Research Day 2019

The UF Department of Surgery celebrated its 15th Research Day on Friday, April 19. 

Research Day Winners

Award Winners

The Department of Surgery had an excellent collection of quality abstract submissions for both Basic and Clinical Science. The following are this year’s awardees:

Moldawer Basic Science Award – Best Plenary Oral Presentation

  • Qin Yu (Pre-Doctoral Trainee)
    Primary Mentor: Ryan M. Thomas, M.D.
    Intestinal Microbiota Mediates Pancreatic Carcinogenesis Through Modulation of Tumor Infiltrating Natural Killer Cells

Moldawer Basic Science Award – Best Quick Shot Oral Presentation

  • Julie Stortz, M.D. (Lab Resident)
    Primary Mentor: Philip Efron, M.D.
    Old Mice Better Replicate the Human Condition in a Novel Murine Sepsis Model

Clinical/Translational Science Award – Best Plenary Oral Presentation

  • McKenzie Hollen, B.S. (Post-Bac Lab Assistant)
    Primary Mentor: Philip Efron, M.D.
    Myeloid-Derived Suppressor Cells Evolve After Human Sepsis And Are Associated With Unique Epigenetic Expression Patterns

Clinical/Translational Science Award – Best Quick Shot Oral Presentation

  • Michael Cox, M.D. (Lab Resident)
    Primary Mentor: Scott Brakenridge, M.D.
    Sarcopenia is Associated with Poor Long-Term Functional Status and Mortality Following Intra-Abdominal Sepsis

Research Career Development Award(s)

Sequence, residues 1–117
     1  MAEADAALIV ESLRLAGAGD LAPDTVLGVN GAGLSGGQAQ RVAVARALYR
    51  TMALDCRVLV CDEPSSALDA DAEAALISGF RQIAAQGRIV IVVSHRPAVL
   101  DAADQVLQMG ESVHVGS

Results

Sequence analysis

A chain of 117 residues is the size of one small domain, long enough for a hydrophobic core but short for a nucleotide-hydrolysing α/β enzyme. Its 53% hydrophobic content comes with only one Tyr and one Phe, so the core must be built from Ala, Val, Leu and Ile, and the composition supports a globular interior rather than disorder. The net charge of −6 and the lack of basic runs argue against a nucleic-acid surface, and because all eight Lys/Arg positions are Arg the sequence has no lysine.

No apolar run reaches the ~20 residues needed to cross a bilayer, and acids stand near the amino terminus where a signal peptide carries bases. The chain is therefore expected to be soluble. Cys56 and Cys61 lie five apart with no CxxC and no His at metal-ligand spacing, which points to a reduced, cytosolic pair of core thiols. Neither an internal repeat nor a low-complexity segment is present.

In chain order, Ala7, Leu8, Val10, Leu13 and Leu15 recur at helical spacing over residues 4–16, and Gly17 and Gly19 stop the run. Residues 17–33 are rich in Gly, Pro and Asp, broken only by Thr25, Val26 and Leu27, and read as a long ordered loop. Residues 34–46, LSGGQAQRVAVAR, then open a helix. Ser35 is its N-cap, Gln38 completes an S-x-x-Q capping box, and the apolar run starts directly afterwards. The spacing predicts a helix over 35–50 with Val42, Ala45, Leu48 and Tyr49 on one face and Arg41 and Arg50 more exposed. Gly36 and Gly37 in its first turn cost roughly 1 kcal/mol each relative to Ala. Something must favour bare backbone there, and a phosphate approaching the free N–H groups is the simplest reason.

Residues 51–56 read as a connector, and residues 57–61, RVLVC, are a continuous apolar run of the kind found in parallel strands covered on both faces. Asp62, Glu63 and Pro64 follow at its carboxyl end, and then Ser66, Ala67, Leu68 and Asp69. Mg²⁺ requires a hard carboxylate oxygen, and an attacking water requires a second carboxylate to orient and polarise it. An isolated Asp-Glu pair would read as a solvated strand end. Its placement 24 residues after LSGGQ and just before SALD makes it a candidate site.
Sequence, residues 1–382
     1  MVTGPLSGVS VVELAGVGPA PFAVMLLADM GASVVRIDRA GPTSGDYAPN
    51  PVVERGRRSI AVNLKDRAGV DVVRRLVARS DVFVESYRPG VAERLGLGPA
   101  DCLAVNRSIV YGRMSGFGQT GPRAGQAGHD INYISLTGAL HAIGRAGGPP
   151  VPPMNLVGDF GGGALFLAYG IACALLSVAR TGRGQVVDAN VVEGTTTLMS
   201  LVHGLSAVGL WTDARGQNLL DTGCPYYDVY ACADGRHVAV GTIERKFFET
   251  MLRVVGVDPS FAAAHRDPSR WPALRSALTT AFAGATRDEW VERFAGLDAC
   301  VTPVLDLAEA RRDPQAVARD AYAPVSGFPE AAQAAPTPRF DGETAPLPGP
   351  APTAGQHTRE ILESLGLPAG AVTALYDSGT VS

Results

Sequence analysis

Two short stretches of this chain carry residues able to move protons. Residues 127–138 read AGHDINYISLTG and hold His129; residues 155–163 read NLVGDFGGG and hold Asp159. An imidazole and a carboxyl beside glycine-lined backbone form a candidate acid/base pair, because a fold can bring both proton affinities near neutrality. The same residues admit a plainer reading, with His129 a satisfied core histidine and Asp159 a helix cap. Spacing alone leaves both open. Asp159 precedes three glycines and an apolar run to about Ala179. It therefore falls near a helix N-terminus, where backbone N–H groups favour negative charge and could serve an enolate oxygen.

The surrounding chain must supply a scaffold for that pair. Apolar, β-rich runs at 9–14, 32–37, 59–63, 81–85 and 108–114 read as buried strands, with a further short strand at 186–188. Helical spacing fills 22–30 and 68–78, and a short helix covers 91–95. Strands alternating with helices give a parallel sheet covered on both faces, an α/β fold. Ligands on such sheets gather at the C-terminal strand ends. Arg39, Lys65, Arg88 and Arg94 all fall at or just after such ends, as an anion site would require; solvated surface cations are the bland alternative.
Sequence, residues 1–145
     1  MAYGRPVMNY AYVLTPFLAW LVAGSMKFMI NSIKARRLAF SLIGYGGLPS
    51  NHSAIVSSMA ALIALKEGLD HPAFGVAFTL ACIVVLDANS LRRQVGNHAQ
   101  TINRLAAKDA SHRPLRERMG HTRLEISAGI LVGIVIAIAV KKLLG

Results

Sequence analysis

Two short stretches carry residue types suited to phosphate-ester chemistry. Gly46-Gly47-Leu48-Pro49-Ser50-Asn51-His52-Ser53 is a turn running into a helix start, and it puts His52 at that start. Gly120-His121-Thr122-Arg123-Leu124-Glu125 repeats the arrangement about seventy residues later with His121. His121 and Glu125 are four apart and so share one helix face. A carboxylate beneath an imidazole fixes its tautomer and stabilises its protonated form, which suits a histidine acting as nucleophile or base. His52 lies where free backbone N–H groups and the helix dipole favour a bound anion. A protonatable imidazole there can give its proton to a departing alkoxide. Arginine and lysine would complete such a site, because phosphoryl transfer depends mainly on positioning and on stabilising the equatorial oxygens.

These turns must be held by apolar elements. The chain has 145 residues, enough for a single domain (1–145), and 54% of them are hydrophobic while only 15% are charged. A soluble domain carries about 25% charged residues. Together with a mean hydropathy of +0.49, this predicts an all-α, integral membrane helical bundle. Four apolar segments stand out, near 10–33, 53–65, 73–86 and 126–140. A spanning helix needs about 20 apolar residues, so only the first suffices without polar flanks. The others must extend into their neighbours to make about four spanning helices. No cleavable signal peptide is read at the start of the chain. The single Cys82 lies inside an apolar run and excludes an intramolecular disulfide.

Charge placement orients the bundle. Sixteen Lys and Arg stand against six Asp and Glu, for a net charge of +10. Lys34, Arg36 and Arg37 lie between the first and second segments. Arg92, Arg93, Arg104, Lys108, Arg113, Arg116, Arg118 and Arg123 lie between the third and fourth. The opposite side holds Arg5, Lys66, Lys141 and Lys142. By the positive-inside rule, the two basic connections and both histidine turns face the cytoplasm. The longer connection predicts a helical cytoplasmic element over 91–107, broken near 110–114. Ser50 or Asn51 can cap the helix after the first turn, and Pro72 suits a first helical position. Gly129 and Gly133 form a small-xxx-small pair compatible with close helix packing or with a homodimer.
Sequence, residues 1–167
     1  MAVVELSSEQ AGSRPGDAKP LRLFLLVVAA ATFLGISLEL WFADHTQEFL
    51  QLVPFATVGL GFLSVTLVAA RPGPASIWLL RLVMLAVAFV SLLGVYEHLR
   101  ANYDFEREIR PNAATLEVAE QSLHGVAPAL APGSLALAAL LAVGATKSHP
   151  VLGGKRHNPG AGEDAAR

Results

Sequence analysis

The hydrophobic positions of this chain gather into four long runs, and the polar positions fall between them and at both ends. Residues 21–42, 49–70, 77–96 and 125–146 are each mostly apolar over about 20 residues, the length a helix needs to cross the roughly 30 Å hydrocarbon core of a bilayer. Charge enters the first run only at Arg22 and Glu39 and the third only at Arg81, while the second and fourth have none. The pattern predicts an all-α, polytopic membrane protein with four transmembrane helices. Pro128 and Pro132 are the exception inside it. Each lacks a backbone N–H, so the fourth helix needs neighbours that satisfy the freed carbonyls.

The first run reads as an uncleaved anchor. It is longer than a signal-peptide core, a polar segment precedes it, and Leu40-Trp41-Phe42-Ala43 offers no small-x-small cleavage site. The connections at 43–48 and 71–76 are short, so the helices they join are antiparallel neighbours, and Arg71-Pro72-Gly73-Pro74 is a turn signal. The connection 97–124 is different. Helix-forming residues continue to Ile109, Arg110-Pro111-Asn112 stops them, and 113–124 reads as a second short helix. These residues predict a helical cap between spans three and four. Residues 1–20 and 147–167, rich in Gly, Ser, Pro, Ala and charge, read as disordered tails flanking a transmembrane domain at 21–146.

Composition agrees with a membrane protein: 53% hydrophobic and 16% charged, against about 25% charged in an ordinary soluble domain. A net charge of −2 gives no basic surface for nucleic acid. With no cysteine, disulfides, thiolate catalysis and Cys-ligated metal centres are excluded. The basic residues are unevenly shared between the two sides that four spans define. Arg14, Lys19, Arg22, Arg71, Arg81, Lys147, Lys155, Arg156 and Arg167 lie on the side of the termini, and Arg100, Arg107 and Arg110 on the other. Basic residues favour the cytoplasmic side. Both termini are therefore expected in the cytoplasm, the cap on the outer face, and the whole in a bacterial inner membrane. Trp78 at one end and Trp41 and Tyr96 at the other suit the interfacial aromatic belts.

This year the Department of Surgery continued to award the Research Career Development Award (RCDA). These annual awards, consisting of up to $25,000 in direct funding, are intended to support clinical, translational and basic research programs for junior faculty within the Department of Surgery that will lead to independent external funding. The following is this years awardee:

  • Eric Jeng, M.D.
    Improving the Detection and Clinical Care of Dysphagia in Cardiac Patients

Lester Dragstedt Visiting Professor

  • John C Alverdy, M.D., F.A.C.S.
    Sarah and Harold Lincoln Thompson Professor
    Executive Vice Chair, Department of Surgery
    University of Chicago
    Pritzker School of Medicine
    The role of the microbiome in surgical disease pathogenesis: leaks, infection and beyond

John Alverdy, MD

John C Alverdy, M.D., F.A.C.S.

Dr Alverdy is the Sarah and Harold Lincoln Thompson Professor of Surgery and Executive Vice-Chair of the department of surgery at the University of Chicago. Dr Alverdy is the director of the Center for Surgical Infection Research at the University of Chicago that studies the microbial pathogenesis of infections that develop following surgery including sepsis, wound infection, and anastomotic leak. He has been funded by the NIH for this work since 1999. He is the co-PI on a T32 training grant and has trained over 30 postdoctoral fellows in his laboratory over the last 25 years. Dr Alverdy is the co-director of the Digestive Disease Research Center Core (DDRCC- Eugene Chang MD Director) and a fellow of the Institute of Molecular Engineering at the University of Chicago. He is the current president of the Surgical Infection Society North America. Dr Alverdy attended medical school at the Autonomous University of Guadalajara and Loyola University and received his surgical training at the Michael Reese Hospital/University of Chicago. He completed a surgical research fellowship at the University of California San Francisco. Dr Alverdy has an active gastrointestinal surgery practice involving minimally invasive surgery of the foregut including esophagus, stomach and pancreatobiliary tree.